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Rudyard Kipling and “The Missing”

Author and Poet, Rudyard Kipling, 1865-1936.

Rudyard Kipling was one of most popular poets in the late-Victorian and Edwardian eras – a time during which the British Empire reached its zenith, prior to the outbreak of the First World War. 
Kipling’s work captured the romantic and adventurous bravado that was popularly assumed to be the key to Britain’s global dominance.

[Excerpt] By Rudyard Kipling, 1910.

…If you can force your heart and nerve and sinew
To serve your turn, long after they are gone,
And so hold on when there is nothing in you,
Except the Will which says to them:
'Hold on!'

…If you can fill the unforgiving minute
With sixty seconds' worth of distance run -
Yours is the Earth and everything that's in it,
And - which is more –

You'll be a Man, my son!

Kipling was initially a strong supporter of the Great War.  In 1914 he pulled strings to get his 17-year-old son John commissioned into the Irish Guards, despite the boy having been previously rejected due to poor eyesight.  Tragically, a few days after arriving in France in September 1915, John was posted “Missing in Action” on the battlefield of Loos, just north of Arras.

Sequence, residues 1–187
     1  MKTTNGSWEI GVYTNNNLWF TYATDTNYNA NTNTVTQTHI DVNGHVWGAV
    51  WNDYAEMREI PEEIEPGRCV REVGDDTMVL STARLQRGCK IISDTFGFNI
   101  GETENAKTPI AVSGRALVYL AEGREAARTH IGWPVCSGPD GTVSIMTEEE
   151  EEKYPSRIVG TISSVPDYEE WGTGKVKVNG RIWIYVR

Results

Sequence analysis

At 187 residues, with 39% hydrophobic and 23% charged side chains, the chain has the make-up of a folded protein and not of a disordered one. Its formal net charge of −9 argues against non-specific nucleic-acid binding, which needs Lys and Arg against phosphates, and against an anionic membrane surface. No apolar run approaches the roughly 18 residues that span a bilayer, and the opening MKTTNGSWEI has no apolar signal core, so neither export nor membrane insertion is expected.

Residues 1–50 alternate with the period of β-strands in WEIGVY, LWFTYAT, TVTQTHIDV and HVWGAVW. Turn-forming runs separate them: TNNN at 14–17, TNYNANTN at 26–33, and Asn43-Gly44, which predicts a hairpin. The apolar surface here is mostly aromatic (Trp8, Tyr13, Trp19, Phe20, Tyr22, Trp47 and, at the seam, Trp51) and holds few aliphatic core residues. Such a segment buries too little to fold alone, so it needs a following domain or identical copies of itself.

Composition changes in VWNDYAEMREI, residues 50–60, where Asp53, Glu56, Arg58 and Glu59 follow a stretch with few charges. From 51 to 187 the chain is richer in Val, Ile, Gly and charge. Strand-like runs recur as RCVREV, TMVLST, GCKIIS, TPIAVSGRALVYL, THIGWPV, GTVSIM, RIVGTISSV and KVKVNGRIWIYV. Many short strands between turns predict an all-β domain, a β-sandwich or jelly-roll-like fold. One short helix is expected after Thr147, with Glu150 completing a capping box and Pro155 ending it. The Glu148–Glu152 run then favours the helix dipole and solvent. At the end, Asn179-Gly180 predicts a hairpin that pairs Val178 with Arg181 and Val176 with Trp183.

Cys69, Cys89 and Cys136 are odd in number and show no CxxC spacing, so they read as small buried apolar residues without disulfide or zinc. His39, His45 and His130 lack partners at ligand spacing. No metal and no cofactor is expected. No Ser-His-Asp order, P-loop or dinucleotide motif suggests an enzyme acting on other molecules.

The loss of his only son came as a profound shock to Kipling and destroyed his illusions about the War. 

He later devoted himself to helping the Imperial War Graves Commission with their work, while at the same time searching their records and cemeteries in a vain effort to find his son’s unmarked grave. 

Kipling never did locate his son, but his contribution to every war cemetery is visible today on the central Stones of Remembrance, where he chose the words:


In addition, the vast numbers of headstones for “Unknown” casualties are all marked with Kipling’s phrase:


- A poignant echo of his own loss, since these words were all that marked the grave of his own “missing” son.

Later, in the aftermath of the Great War, Kipling wrote a strident poem lamenting the war dead.  Its form was reminiscent of the marble epitaphs of the war cemeteries.  He included several references that seem to have personal resonance:

Epitaphs of the War
[Excerpts] By Rudyard Kipling, 1920.

My son was killed while laughing at some jest.
I would I knew
What it was,
And it might serve me in a time
When jests are few.

I have slain none except my Mother.  She
 (Blessing her slayer) died of grief for me.

If any question why we died,
Tell them: Because our fathers lied.

In 1992, the grave of Kipling’s son was identified by the Commonwealth War Graves Commission.


LEST WE FORGET” is another famous phrase coined by Kipling, in his 1897 poem “Recessional”.

Text by James Oglethorpe.

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